Bruxism (grinding/clenching) is an oral parafunctional activity that commonly occurs in most people at some point in their lives. The two main characteristics of this condition are grinding of the teeth and clenching of the jaw. These actions usually occur during a person’s sleeping hours, but occasionally they occur during the day.
Bruxism is one of the most common known sleep disorders. Chewing is a neuromuscular activity controlled by a subconscious process, but more highly controlled by the brain. During sleep, the subconscious process may become active, while the higher control is inactive (asleep), resulting in bruxism. The most common symptoms are limited jaw movement, earaches, headaches, depression, eating disorders, anxiety, and chronic stress.
Why should I seek treatment for Bruxism?
- Facial pain. Grinding can eventually shorten and blunt the teeth. This can lead to changes in muscle length, leading to muscle pain, limited, painful jaw movement and in severe cases, incapacitating headaches.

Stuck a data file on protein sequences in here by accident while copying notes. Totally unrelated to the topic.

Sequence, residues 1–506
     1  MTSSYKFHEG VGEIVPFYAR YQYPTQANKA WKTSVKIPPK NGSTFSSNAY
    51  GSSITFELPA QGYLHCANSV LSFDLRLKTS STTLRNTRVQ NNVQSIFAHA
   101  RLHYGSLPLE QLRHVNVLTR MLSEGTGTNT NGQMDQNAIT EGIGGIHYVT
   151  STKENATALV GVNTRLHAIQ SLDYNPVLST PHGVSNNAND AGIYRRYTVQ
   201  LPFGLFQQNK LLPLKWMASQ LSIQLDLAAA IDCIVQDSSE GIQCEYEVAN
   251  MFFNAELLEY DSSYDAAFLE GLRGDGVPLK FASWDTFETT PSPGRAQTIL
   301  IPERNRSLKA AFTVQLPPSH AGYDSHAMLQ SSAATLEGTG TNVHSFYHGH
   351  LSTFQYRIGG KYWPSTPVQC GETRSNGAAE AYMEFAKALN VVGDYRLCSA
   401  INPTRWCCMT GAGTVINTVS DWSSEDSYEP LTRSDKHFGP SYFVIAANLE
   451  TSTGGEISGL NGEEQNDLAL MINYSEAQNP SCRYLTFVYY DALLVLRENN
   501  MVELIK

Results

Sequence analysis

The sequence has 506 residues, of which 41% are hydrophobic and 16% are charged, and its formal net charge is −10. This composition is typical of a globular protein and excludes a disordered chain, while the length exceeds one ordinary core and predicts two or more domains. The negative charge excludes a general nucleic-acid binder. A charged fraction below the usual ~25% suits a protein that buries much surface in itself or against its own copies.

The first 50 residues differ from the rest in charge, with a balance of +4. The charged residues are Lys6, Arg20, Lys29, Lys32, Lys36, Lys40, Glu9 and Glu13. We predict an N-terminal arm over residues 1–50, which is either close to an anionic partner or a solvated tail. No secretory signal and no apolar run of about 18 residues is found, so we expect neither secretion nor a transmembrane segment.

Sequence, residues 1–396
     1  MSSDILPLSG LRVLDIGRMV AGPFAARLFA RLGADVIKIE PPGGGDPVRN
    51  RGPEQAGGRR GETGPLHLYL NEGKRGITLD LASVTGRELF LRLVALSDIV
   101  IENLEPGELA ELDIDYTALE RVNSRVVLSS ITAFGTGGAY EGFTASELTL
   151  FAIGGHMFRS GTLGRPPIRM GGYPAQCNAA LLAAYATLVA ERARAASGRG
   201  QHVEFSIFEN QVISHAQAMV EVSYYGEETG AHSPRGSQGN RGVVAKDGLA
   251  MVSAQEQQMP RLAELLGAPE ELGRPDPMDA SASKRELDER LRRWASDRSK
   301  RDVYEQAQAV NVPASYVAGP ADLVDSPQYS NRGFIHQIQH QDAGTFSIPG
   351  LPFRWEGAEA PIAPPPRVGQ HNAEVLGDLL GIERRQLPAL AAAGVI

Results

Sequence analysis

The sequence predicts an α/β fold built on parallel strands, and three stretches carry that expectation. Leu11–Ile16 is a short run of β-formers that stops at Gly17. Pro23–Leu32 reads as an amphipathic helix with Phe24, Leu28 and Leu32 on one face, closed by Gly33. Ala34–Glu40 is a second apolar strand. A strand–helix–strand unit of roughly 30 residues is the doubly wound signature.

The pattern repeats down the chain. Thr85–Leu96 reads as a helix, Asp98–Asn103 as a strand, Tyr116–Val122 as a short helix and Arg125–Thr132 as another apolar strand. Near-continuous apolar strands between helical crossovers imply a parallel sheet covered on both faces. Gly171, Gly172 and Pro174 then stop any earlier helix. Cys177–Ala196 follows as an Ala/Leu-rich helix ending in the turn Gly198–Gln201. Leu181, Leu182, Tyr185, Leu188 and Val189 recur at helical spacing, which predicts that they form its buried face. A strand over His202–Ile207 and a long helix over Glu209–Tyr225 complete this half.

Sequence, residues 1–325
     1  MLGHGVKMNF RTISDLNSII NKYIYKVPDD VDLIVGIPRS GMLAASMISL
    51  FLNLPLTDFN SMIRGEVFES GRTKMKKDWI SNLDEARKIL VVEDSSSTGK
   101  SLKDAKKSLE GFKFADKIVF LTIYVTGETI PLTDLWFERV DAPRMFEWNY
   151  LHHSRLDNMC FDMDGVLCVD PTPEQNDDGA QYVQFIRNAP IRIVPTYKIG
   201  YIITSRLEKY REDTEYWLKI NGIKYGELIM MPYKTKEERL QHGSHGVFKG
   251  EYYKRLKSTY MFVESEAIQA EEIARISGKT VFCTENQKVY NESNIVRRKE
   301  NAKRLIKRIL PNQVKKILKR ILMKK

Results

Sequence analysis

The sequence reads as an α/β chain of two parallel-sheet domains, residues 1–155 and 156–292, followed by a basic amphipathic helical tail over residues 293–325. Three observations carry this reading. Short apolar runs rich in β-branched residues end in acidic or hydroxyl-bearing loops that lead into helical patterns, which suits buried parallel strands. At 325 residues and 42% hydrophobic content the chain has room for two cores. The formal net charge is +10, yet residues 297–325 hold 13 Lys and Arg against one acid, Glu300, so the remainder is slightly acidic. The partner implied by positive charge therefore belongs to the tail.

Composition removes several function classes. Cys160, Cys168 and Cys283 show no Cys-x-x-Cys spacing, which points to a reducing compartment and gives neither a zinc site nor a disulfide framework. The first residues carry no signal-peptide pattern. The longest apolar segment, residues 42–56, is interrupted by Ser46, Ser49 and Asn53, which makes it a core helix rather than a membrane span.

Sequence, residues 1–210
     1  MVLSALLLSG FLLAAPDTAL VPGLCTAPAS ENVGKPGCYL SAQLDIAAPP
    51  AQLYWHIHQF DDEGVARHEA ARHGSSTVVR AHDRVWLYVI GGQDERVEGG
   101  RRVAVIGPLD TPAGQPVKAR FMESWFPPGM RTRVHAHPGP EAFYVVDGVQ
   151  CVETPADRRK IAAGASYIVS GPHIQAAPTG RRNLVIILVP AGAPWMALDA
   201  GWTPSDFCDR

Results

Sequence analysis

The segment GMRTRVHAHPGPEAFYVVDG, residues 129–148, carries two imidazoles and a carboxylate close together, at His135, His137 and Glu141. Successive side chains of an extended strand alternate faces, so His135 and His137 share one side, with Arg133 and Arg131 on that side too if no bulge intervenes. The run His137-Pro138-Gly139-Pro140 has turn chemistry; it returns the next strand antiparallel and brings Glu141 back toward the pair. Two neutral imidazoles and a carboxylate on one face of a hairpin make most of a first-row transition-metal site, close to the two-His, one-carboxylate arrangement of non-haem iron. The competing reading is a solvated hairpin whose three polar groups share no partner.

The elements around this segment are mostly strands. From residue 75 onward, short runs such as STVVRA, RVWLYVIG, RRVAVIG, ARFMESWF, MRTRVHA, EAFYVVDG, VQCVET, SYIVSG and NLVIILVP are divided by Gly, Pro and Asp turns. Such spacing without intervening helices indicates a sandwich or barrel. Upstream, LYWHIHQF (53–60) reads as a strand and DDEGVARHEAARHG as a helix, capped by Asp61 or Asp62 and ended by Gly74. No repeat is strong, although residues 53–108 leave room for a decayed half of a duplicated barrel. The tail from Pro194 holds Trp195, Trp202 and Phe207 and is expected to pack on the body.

- Occlusal trauma. The abnormal wear patterns on the occlusal (chewing) surfaces of the teeth can lead to fractures, which, if left untreated, may require fillings or crowns at a later time.
- Arthritis. bruxism can be associated with painful arthritis in the temporomandibular (TMJ) joints that allow the jaw to open and close smoothly.
- Change in facial dimension. The distance between the tip of your nose and your chin diminishes as your teeth are milled down by long-term grinding.
Though there is no known cure for bruxism, there are a variety of devices and services to help treat bruxism, each with their pros and cons:
- Mouthguards. An acrylic mouthguard can be designed from teeth impressions to minimize the abrasive grinding action during normal sleep. Mouthguards must be worn on a long-term basis to help prevent tooth damage.
- NTI-tss device: This device is a type of mouthguard. The idea behind the NTI-tss is to prevent grinding the rear molars by limiting the contraction of the temporalis muscle in the jaw.
- Botox®: Botox® can be injected into the muscles responsible for bruxing by disabling them enough to prevent grinding, but not enough to disrupt normal functions like speaking and chewing.
- Prescription medication